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Friday, April 30, 2010

Preparing for First Reconciliation

One of my kids is preparing for First Reconciliation, and I'm using a book from Catholic Answers, Today I Made my First Reconciliation. It is a good resource, using the story of two children who are preparing for that sacrament and finding themselves in a moral dilemma. There are Scriptural references at the back as well as other useful materials such as a guide to examine one's conscience. One of the things I was taught while attending an Opus Dei center in college was to examine my conscience every night at bedtime.

Some folks might actually be bringing up their kids to make decisions based entirely on amoral consequences. Well if one does not believe in God, then there is no basis for an objective moral code. No basis for a conscience either -- what on earth can that tiny voice say about anything if there is no objective moral code?

One's conscience can either be honed with reasonable attention or dulled with disuse. It can be informed with education or atrophy with neglect (life's too busy, no shortage of engaging pursuits). I'd prefer the former. The latter sounds more like what happened to those folks recently captured on video walking on by while a man lay dying on the sidewalk. Some might say that it was no big deal, it wasn't illegal to mind your own business. What, you actually need someone explaining this, and do you need legislation to tell you that you ought to call 911?

Saturday, April 24, 2010

Much ado about nothing indeed

James Valentine in The Australian muses how one goes [B]ack and forth in the quest for diddly-squat The same thing has been on my mind, too. One of the things I distinctly remember from Og Mandino's books is this line from his "God Memorandum": to be everywhere is to be nowhere. I've always been a dreamer, a planner, but my doing needs an upgrade. In fact I've probably missed 20 years of upgrades by now. While my life is far from flat and lifeless -- my kids remind me everyday that they are like plants that will grow in spite of me -- I do feel this frenzied activity around my two jobs and a quarter (no, really, I virtually have three employments right now), and the accomplishments are lacking.

This has been on my mind since the start of the year. Yes, God must be trying to tell me something when I read articles as above, and my kids just happen to have watched Mary Poppins tonight, and their school is preparing for a production of that great movie and its great lesson. And I'm Mr. Banks, make no mistake.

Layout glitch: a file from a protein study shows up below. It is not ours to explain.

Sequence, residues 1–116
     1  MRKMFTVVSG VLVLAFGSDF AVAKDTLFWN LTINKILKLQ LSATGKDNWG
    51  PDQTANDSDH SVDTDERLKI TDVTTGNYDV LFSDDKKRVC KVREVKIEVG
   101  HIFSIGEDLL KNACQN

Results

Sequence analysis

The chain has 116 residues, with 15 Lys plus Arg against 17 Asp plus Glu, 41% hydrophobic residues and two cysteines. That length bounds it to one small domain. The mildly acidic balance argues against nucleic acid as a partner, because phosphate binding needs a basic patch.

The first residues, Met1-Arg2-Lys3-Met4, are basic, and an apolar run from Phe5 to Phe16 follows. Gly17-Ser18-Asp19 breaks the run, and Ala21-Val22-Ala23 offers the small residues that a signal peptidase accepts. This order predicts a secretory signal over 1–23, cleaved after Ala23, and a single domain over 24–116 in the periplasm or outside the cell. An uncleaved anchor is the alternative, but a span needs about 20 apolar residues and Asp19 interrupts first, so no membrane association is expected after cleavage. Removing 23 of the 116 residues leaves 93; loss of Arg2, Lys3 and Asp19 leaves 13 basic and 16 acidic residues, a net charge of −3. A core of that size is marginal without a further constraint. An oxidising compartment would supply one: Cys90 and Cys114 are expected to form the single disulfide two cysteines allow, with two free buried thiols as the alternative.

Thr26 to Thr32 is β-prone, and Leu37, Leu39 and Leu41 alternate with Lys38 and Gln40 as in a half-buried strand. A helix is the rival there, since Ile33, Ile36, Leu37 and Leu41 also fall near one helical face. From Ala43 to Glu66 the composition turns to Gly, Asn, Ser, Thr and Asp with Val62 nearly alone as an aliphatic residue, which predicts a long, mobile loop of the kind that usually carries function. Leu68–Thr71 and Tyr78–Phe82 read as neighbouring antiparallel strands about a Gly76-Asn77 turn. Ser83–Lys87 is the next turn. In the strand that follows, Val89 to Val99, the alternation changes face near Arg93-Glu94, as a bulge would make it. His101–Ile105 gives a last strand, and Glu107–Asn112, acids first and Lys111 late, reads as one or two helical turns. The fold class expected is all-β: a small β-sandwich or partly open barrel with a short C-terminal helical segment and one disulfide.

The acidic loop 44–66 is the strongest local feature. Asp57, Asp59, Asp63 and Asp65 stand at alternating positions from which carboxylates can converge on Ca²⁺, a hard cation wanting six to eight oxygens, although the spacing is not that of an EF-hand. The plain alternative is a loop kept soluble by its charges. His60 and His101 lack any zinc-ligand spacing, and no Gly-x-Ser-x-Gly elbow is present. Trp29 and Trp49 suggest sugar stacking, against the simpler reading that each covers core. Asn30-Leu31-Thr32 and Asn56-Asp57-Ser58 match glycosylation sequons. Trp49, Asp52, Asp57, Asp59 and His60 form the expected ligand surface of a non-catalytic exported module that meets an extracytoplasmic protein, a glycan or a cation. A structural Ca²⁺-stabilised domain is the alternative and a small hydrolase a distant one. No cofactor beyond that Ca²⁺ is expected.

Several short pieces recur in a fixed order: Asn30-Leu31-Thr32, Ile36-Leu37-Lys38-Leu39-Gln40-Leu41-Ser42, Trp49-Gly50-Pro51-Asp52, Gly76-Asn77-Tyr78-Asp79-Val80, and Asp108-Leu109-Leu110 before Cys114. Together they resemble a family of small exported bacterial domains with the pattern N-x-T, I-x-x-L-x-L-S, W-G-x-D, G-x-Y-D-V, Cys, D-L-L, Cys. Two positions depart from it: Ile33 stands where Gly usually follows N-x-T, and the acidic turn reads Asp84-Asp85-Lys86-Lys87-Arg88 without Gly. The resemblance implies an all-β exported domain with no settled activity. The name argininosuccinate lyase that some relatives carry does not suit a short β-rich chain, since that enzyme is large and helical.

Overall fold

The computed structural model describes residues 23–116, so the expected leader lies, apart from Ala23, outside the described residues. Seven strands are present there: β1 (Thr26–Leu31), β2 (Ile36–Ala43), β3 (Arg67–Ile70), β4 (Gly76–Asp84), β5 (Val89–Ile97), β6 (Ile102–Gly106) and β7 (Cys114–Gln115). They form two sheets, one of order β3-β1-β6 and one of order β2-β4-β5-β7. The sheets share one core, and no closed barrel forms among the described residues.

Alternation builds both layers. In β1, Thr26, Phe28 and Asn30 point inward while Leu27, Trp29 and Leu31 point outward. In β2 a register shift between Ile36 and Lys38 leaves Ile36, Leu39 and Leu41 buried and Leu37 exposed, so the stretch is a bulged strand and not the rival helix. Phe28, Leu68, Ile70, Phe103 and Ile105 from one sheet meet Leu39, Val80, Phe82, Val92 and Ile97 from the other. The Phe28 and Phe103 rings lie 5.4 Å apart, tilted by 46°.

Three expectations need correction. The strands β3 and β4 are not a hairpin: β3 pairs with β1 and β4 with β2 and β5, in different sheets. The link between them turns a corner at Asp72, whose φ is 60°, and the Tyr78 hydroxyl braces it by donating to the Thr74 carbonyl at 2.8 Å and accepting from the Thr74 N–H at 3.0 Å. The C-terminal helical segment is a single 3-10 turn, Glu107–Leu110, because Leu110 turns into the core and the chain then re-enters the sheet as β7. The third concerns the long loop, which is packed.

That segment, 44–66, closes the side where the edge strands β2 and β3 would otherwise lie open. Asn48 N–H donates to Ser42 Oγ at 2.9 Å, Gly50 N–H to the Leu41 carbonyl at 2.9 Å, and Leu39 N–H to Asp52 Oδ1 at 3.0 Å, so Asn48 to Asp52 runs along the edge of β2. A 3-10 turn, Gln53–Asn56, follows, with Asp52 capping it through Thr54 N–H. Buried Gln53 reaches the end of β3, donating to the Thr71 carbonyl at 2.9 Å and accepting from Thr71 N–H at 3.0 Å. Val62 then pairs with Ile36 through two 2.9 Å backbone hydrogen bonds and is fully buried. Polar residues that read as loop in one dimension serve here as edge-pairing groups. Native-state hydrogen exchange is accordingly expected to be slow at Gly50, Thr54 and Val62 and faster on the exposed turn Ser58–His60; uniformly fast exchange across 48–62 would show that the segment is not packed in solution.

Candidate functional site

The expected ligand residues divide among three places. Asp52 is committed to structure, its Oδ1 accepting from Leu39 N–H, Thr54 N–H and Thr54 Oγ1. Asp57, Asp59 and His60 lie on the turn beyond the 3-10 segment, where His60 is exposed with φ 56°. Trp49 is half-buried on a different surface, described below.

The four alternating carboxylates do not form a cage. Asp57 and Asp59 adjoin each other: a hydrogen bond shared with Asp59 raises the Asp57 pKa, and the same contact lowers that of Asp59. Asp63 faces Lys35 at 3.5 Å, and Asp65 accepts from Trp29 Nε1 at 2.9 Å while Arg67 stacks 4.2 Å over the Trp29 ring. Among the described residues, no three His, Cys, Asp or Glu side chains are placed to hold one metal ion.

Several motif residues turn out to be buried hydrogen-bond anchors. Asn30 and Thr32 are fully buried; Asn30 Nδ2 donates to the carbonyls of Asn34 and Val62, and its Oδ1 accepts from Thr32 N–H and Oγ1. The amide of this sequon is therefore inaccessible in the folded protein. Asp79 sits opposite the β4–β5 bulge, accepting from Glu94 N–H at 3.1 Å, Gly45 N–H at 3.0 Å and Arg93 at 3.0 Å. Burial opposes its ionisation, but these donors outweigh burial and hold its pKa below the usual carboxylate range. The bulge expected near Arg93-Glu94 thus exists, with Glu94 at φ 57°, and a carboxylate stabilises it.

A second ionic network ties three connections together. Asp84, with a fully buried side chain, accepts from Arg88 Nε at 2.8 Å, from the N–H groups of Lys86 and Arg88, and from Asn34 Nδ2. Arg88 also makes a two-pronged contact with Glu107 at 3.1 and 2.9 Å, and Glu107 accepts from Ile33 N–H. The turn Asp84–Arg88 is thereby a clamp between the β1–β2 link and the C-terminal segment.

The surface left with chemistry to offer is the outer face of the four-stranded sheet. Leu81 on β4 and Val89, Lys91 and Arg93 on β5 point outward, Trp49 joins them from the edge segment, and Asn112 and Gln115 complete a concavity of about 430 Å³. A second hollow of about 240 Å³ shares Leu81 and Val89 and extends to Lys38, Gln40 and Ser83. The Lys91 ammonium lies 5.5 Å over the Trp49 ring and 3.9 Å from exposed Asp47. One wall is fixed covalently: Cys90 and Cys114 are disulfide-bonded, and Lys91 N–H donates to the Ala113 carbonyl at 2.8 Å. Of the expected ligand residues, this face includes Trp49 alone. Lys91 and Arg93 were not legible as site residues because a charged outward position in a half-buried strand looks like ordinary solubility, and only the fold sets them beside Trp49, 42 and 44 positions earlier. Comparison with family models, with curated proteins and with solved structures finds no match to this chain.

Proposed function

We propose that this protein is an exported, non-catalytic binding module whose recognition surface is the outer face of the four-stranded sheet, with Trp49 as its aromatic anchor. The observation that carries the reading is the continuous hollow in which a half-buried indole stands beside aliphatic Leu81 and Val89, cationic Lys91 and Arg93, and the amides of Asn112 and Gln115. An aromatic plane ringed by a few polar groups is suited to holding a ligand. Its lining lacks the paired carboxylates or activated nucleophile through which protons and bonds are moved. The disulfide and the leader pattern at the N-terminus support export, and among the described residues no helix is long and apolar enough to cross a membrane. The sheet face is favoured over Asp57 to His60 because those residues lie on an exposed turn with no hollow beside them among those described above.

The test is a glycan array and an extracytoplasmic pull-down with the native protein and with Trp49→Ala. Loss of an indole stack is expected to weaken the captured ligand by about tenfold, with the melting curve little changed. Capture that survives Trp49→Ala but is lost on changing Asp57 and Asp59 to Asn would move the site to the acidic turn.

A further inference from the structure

How bad can it get? I haven't had a seven hour sleep since my last bout with a bad cold. Otherwise, I'd be lucky if I get away with six hours. The worst part is it's all my doing. My pride, arrogance, lack of reliance on God and too much on me.

Right. Off to bed, it is 1 am.

Sunday, April 18, 2010

Sin and its effects

One of the most daunting things I've discovered about parenthood is how much influence my actions have on my children. Whether it is a matter of bad example, which they might emulate. Or depriving myself of sleep and making myself vulnerable to illness (which I can pass on) or unsafe driving. Or me on the keyboard at 2 in the morning, disturbing their rest. Let's face it -- I can certainly cause my children harm.

Something else that resonates for this topic: take even a cursory look at the news concerning the pope and the sex abuse scandals here and there. What trouble visited upon the Church, the faith of her members, disturbing their peace, and that of majority of her priests and deacons who are not sexual abusers. What horrors unleashed upon the victims! The Church is a household, and the sins of one can gravely affect a multitude, from the victims to their victims (for those who end up emulating the abuse) to the average Catholic whose faith is shaken.

But then that influence can work the other way too. What can we do to make amends? We can pray. We can encourage. We can clarify and expose the truth.

I'm off to bed. My kids need me awake enough to drive.

Wednesday, April 07, 2010

Did the Pope give the Milwaukee sex abuser a free pass?

There is much in the news these days about the alleged culpability of the Church leadership, all the way to the pope, concerning an American priest-abuser of about 200 victims. We would not be human if we remained indifferent to such charges, given the gravely evil nature of the abuses perpetrated. But we would not be rational if we fail to investigate the evidence prior to making up our minds. In Scoundrel Times, journalist George Weigel helps us get started. Jimmy Akin provides a more detailed investigation based on letters and accounts concerning the matter. Two other posts by Jimmy add further details: accounts from the tribunal judge involved in the case and analyzing the 1998 memo concerning this case. The evidence is there for all to consider. The only logical conclusion is that, while there is culpability in cooperating with grave evil to dole out, they cannot be assigned to Pope Benedict XVI.